Alex Blaze

Ban the B-word?

Filed By Alex Blaze | August 09, 2007 12:28 PM | comments

Filed in: Politics
Tags: language, New York, New York City, slurs

The city of New York is thinking about a symbolic ban on the b-word [Note: Bitch, not bisexual], just like the one that they did for the n-word last year. From the NY Times:

The term is hateful and deeply sexist, said Councilwoman Darlene Mealy of Brooklyn, who has introduced a measure against the word, saying it creates “a paradigm of shame and indignity” for all women.[...]

And Ms. Mealy admitted that the city’s political ruling class can be guilty of its use. As she circulated her proposal, she said, “even council members are saying that they use it to their wives.”

Context is everything, I suppose, but I'm wondering in what context these councilmen (I'm going to assume the NY City Council isn't filled with committed lesbians calling their partners "bitch") are using that word. Could it be that context?

It's an interesting thought here, but...

Well, even the council member who thought up the ban knows that it's unenforceable. But one of the easiest ways to enforce such a thing would be to stop mailing magazines with the name on the cover, like, of course, Bitch. I don't know if that's a part of this proposal, but I sure hope that the council isn't going to make a decision that the magazine Bitch is derogatory to women!

The article does talk about how some people find the term positive, and while I don't know if all the quotations they found were from gay men, well, it's strongly implied. Take this one from Michael Musto:

“Half my conversation would be gone,” said Michael Musto, the Village Voice columnist, whom a reporter encountered on his bicycle on Sunday night on the corner of Seventh Avenue South and Christopher Street. Mr. Musto, widely known for his coverage of celebrity gossip, dismissed the idea as absurd.

“On the downtown club scene,” he said, munching on an apple, the two terms are often used as terms of endearment. “We divest any negative implication from the word and toss it around with love.”

And this one from a man in a West Village piano bar:

Darris James, 31, an architect from Brooklyn who was outside the Duplex, a piano bar in the West Village, on Sunday night was similarly opposed. “Hell, if I can’t say bitch, I wouldn’t be able to call half my friends.”

And this one from a well-dressed fashion magazine editor with a penchant for drag culture:

“I think it’s a description that is used insouciantly in the fashion industry,” said Hamish Bowles, the European editor at large of Vogue, as he ordered a sushi special at the Condé Nast cafeteria last week. “It would only be used in the fashion world with a sense of high irony and camp.”

Mr. Bowles, in salmon seersucker and a purple polo, appeared amused by the Council measure. “It’s very ‘Paris Is Burning,’ isn’t it?” he asked, referring to the film that captured the 1980s drag queen scene in New York.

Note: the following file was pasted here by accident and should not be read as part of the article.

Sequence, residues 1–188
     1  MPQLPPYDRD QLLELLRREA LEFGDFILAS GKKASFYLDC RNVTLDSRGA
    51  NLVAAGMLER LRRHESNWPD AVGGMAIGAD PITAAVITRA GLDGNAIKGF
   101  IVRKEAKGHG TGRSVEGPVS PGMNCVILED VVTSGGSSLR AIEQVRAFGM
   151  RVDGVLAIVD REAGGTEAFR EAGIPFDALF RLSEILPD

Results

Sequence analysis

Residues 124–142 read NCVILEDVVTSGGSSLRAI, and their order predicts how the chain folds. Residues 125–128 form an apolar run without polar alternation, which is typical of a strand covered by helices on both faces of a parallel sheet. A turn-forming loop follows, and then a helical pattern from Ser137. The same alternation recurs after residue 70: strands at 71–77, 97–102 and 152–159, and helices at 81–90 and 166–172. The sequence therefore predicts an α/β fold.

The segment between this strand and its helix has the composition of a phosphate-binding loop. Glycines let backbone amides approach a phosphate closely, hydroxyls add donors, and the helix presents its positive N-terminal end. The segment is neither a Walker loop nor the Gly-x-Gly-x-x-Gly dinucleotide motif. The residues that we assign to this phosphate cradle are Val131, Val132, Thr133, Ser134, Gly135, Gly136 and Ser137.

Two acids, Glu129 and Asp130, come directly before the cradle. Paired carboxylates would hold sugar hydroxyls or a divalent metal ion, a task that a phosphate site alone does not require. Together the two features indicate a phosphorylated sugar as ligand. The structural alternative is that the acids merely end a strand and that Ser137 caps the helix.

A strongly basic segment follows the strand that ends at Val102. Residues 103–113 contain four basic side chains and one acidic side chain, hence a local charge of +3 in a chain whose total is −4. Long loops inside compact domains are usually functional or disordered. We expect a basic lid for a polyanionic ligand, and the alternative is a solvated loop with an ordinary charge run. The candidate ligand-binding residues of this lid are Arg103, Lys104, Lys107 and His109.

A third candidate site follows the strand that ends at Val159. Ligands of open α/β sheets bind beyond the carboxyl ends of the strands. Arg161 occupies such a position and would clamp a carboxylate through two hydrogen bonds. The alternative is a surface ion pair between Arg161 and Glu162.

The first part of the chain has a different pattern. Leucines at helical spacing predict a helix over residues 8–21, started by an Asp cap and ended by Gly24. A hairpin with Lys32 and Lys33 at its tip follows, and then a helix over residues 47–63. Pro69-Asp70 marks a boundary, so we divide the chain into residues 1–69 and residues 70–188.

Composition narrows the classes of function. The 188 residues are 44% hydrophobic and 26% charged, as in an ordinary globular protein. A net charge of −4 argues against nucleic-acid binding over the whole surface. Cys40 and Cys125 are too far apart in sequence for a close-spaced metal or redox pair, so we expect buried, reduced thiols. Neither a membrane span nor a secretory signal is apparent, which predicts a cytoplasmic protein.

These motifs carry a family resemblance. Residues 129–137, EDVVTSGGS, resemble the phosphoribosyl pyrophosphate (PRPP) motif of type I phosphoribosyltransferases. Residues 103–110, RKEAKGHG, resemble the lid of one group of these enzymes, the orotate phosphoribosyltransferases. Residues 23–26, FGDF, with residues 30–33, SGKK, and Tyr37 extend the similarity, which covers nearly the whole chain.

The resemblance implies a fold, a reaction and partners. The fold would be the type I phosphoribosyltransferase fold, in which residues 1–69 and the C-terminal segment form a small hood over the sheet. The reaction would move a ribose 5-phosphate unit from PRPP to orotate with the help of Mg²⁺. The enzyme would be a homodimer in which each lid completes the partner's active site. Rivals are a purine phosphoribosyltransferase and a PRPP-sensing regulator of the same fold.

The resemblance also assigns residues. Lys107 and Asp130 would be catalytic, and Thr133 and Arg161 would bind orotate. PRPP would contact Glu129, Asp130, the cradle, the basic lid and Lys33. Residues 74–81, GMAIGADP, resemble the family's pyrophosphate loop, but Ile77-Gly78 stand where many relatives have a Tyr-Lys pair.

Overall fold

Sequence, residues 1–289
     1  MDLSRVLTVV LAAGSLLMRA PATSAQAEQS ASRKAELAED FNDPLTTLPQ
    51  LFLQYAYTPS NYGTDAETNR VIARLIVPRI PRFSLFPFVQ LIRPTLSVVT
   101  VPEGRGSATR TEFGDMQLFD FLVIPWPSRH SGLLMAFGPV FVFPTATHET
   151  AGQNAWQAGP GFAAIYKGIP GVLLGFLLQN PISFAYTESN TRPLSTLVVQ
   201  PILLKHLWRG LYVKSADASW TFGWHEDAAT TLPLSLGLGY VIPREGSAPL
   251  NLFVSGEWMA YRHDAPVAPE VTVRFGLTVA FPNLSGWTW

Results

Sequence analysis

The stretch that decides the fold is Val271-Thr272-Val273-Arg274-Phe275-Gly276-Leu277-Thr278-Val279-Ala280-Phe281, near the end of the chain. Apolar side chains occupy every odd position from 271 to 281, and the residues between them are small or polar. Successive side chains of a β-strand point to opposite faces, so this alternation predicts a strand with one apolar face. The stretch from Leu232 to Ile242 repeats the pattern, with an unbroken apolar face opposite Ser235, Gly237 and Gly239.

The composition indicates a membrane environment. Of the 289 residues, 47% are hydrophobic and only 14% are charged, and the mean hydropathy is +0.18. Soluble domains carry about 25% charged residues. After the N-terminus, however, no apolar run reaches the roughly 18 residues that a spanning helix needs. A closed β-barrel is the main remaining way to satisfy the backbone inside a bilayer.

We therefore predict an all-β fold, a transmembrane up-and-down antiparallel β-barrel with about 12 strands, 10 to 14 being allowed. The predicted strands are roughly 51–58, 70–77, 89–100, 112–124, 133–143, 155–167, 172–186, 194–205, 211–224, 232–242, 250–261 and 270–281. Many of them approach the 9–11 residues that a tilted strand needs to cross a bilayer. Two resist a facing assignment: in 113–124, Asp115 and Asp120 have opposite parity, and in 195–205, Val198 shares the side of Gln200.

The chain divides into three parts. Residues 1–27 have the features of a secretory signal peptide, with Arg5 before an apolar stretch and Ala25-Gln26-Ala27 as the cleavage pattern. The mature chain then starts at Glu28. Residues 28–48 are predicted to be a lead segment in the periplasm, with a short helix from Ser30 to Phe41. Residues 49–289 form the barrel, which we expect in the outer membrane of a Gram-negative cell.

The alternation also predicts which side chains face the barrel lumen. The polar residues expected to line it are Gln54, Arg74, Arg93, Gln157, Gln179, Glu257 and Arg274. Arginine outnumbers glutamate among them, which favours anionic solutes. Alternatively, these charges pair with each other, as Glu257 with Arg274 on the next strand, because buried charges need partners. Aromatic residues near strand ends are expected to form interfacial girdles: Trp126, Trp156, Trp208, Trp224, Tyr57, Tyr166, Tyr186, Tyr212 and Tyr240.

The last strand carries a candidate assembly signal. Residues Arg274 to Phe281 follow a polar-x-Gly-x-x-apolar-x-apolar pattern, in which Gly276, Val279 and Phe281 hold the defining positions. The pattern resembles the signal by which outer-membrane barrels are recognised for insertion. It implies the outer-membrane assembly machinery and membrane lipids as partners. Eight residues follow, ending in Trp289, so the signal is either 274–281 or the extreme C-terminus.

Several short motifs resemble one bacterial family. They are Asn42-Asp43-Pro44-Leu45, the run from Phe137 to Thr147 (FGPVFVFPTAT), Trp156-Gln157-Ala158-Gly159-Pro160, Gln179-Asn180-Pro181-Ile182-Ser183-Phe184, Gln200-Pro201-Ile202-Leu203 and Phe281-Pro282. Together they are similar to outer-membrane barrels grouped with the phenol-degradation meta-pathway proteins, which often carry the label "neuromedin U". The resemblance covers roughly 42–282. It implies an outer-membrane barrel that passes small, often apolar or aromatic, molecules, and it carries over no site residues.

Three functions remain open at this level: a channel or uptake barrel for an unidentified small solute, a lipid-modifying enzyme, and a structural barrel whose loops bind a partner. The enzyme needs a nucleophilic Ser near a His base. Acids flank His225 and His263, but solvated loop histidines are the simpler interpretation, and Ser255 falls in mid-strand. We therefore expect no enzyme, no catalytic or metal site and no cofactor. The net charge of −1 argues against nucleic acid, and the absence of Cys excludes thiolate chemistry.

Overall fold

So the author doesn't really have to say "gay" to mean "gay".

But I don't use that term with my friends, and honestly my friends don't use that term with me. It's not like I don't hear it, but it's definitely not half my vocabulary.

The article cites it's usage amongst hip-hopsters as the source of the idea for the ban:

The measure, which 19 of the 51 council members have signed onto, was prompted in part by the frequent use of the word in hip-hop music.

The word was apparently not so bad when used by the council members, or when it's used by gay men, but when hip hop artists use it, it's worthy of a ban.

And, yes, I realize that the context in which many hip hop artists use the word isn't positive at all. Perhaps I'm just saying that it's a term that changes meaning from context to context (think about its use at dog shows), but what defines one context as appropriate and another as inappropriate? Why is a council member calling his wife a "bitch" OK but a hip hop artist calling his girlfriend one not? Why does one feminist magazine get to use that word on the cover even when many feminists find that slur completely unacceptable?

Of course such symbolic bans do little to actually change anything, so it would probably be better to focus on education about the word and the idea of slurs, since if "bitch" were actually successfully banned, a new word would pop up to take its place.

Maybe they could require women's studies 101 of all high school seniors?

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Lynn David | August 9, 2007 7:19 PM

I know some women who revel in the idea that they are "bitches." But call them that and you risk singing soprano the rest of your life.

And it wasn't until I got to the last in the first NY Times piece quoted, when it ended in "they use it to their wives," that I realized the 'B'-word you were talking about wasn't "Bisexual." All along I was thinking why should the word "bisexual" be offensive, especially to women? That's what being in that LGBTQ mindset can do for/to you.

Thanks, Lynn. I updated.

I get the same thing when I cross-post to our diaries at MyDD and Kos - "I thought HRC referred to Hillary Clinton!"